2013 Côte-Rôtie, La Mordorée, Chapoutier Sélections Parcellaires

2013 Côte-Rôtie, La Mordorée, Chapoutier Sélections Parcellaires

Product: 20138116792
Prices start from £550.00 per case Buying options
2013 Côte-Rôtie, La Mordorée, Chapoutier Sélections Parcellaires

Description

From the north of the Côte Blonde, just above the town of Ampuis and not far from the famous Guigal Single Vineyards, this is 100 percent Syrah, confirming that Michel does not really believe in blended wines, not in the north of the valley at least. From soils made up of mica schist, loess and iron oxide, this is a beautifully crafted wine, with feline Syrah elegance and a silky veil of tannin.
Simon Field MW - Rhône Buyer

In the late autumn of 2014 I was lucky enough to blind-taste a range of red Hermitage wines with John Livingstone- Learmonth and Andew Jefford. I have yet to see the final article, yet it emerged that my top two wines were both Chapoutier Parcellaires. This is a truly outstanding range, as indeed one would hope it to be, given the historical reputation of the hill of Hermitage and the fact that Chapoutier are in the enviable position of owning more of its vines than anyone else. A great responsibility, which they discharge with consummate skill
 

Looking at Michel's 2013 Cote Rotie la Mordoree, it has a peppery, floral, lavender and black-raspberry-driven bouquet to go with medium to full-bodied richness on the palate. Ripe, nicely concentrated and balanced, with juicy acidity, it has a classic style and will benefit from short-term cellaring. It should have two decades of longevity.
Jeb Dunnuck - Wine Advocate Issue#216 Dec 2014

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6 x 75cl bottle
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Critics reviews

Wine Advocate94/100
Wine Advocate94/100
Showing beautifully from barrel and now from bottle, the 2013 Cte Rtie la Mordore comes from schist soils, was completely destemmed and spent 18 months in 25% new French oak. Its deep purple color is accompanied by classic notes of raspberries, bay leaf, olive tapenade and violets. Possessing beautiful minerality, a full, layered mid-palate and building tannin, drink this beautiful wine anytime over the coming 15 or more years.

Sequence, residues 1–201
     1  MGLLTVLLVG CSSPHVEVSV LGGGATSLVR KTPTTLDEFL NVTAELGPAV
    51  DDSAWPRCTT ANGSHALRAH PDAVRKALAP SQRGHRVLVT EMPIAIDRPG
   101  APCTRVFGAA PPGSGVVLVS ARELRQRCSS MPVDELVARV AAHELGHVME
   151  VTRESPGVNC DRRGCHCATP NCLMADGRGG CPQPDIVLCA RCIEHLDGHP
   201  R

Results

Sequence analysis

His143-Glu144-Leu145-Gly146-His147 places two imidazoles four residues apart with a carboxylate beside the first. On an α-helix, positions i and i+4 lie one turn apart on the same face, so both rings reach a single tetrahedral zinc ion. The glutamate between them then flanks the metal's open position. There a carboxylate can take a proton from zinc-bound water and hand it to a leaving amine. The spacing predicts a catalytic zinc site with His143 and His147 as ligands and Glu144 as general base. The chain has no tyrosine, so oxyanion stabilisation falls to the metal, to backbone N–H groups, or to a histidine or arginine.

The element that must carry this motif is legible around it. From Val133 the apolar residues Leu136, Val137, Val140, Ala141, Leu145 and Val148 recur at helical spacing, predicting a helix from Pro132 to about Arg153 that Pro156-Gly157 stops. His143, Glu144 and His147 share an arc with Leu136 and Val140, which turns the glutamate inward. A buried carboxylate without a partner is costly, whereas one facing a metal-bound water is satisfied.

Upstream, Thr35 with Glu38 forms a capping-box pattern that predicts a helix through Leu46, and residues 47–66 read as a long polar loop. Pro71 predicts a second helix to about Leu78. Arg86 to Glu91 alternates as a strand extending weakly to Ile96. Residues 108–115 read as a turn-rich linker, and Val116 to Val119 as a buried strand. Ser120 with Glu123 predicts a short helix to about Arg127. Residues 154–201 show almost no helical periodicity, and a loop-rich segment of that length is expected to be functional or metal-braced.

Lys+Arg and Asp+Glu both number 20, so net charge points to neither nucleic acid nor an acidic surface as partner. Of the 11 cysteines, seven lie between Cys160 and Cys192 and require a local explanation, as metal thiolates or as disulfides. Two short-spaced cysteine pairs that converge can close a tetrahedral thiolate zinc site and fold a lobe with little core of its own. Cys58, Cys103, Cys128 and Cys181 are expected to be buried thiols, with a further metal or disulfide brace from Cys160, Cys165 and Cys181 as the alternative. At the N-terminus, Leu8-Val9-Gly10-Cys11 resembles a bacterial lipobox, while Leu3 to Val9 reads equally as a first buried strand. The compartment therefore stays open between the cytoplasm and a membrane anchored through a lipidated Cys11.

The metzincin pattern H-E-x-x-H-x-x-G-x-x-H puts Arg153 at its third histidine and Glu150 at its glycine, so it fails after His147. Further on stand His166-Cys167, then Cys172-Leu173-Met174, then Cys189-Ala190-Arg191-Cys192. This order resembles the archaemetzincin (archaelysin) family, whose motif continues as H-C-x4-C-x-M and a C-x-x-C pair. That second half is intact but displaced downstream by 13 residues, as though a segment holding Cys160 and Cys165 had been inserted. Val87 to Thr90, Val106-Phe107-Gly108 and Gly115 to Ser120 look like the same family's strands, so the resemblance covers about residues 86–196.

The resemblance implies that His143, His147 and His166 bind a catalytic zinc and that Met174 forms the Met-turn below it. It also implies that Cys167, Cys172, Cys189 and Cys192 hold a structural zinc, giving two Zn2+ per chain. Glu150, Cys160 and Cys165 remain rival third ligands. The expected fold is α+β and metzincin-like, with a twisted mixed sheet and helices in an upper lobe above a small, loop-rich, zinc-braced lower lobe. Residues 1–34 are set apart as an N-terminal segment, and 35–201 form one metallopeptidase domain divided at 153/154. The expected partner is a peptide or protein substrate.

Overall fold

Jeb Dunnuck - 31/12/2015 Read more

About this WINE

Maison Chapoutier

Maison Chapoutier

Michel Chapoutier’s range, which grows ever-more impressive, is the most complete dissection of the region’s styles and terroir. The domaine was founded in 1808. When Michel took charge in 1988, he became the seventh generation of his family to run the domaine. Since then, quality has soared, and he is now farming all his vineyards biodynamically and busily investing in new winemaking projects across the globe, as far-flung as Australia.

Chapoutier describes 2019 as a year of extremes, but an exceptional vintage that produced fine, elegant reds, and balanced, mineral whites. He feels the year’s heat has translated to intensity and depth of profile. Wines at the higher end of the range are built to age and will do so fantastically.

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Côte-Rôtie

Côte-Rôtie

Côte-Rôtie is one of the most famous of the northern Rhône appellations, with some single vineyard cuvées now selling for the same prices as First Growth Bordeaux. It is the northernmost outpost of the Syrah grape.

Côte-Rôtie translates as ‘roasted hillside’, as the south-facing slopes are exposed to the maximum-possible sunlight. Vines have been planted here since Roman times, although the appellation was only created in 1940. Today it covers 500 hectares, with 276 hectares of vineyards stretched across eight kilometres.